Monday, 12 September 2016
LSD in metric...
The new five pound note is in circulation as of tomorrow. It's rather a nice little piece of kit, made of a polymer, which is undoubtedly easier to replicate than special paper, but who am I to judge, I'm only a humble old fart these days.
Years ago, I worked with a chum, who was developing the latest computer chips. There was a state-of- the-art manufacturing business in Sidcup, and it was such a hi-tech business, that the building itself was literally built on springs, to alleviate vibration from the various trains which infest South London. Each laboratory had positive ventilation, such that when you opened a door, there was a 'Star Trek' whoosh, as air was pumped out so that germs, dust, and other nasties didn't invade the procedures being perpetrated within. They also used millions of gallons of water for cooling, which made a few people at some water board or other have a seizure, but it was a good business.
Back then the quandary was how thin could a computer chip wafer be manufactured? I would think that the sort of kit we have in a mobile phone is about a thousand times thinner, and a million times quicker than anything being made in the eighties, so the mystery probably will still be around over the next century or so.
But this fiver bothers me somewhat.
I always hankered after The Royal Mint producing a general circulation £5 coin. It would be big, heavy, and carry the gravitas a good currency demands. Scrobs Senior travelled far and wide in Europe in the sixties and seventies, and always came home with a pocket of pretty useless change. When he popped off this mortal coil, we kept all the coins and used them to tip French lavatory attendants, bugger up foreign parking meters and gave them to scroungers (unkind, but useful), and we still have a huge box of them. Some of these are frankly not worth making! They're often a light alloy, have no milling, and mean very little, other than they look like some of the coins you get with a kid's toy shop till or similar.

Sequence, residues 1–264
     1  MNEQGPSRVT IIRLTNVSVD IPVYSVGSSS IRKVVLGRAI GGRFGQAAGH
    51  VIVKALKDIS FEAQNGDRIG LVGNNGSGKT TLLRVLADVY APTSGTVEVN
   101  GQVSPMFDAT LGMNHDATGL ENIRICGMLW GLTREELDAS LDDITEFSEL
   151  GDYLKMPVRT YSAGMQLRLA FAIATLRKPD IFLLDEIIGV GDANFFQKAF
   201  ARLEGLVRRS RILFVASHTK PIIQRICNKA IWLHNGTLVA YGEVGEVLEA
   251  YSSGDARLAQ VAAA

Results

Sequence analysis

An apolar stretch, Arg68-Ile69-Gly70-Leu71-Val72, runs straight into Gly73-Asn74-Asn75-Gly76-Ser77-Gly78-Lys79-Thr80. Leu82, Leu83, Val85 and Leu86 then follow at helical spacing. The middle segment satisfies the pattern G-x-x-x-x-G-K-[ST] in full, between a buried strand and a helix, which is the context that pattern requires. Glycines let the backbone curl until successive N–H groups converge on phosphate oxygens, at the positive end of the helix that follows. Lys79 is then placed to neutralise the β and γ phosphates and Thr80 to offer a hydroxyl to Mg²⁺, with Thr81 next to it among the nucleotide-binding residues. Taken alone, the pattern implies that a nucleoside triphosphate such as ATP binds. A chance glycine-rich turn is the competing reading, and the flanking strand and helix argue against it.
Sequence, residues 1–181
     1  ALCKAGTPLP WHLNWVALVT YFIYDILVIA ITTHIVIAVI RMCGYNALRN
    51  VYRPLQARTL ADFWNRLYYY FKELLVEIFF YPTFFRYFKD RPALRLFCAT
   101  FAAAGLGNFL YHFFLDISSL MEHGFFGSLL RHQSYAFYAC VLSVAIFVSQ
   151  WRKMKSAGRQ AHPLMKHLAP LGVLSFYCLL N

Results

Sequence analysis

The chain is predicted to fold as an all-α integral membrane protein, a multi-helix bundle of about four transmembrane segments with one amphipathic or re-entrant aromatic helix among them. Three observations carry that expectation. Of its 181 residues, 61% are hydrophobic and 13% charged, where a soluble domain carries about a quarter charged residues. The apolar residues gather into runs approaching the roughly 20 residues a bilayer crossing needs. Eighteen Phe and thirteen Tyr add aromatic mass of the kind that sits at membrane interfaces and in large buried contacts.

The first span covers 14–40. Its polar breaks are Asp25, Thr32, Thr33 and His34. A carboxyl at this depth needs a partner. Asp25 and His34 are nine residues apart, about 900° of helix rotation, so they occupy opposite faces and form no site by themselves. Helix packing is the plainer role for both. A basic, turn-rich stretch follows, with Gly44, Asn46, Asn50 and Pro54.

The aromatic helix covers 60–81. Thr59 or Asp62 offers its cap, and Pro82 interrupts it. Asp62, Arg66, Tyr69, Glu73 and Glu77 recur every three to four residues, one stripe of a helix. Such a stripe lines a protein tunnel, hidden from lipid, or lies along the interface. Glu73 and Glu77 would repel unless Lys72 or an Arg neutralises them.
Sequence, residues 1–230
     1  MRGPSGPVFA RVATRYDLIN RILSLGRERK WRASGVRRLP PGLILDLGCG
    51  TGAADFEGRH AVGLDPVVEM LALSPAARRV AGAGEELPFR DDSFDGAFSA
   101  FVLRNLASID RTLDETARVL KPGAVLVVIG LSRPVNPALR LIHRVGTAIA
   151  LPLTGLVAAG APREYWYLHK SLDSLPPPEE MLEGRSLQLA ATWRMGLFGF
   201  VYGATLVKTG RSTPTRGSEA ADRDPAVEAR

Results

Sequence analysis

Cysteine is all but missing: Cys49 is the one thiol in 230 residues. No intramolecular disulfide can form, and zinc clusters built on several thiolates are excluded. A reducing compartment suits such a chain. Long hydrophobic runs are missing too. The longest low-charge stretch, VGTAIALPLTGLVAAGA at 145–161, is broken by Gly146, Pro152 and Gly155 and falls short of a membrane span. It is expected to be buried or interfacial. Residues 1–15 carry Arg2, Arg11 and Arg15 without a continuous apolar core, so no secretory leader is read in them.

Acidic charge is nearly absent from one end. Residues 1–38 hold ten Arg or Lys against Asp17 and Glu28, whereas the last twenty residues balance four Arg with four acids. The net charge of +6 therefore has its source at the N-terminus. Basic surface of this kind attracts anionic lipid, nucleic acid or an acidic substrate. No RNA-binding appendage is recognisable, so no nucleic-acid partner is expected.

So now we're down to a small plastic sheet, with a drawing of a proper politician! (If that's not a contradiction in terms).
I hope it works. The fivers I keep stashed away for Christmas are all old, well folded with writing/darts holes/dirt etc all over them, and I hope the small wallet I use will accept a twice folded plastic membrane comfortably.
And also I hope that it hasn't be reproduced by some gang up North, or in Scotland, or London, and printed on an old polythene bag!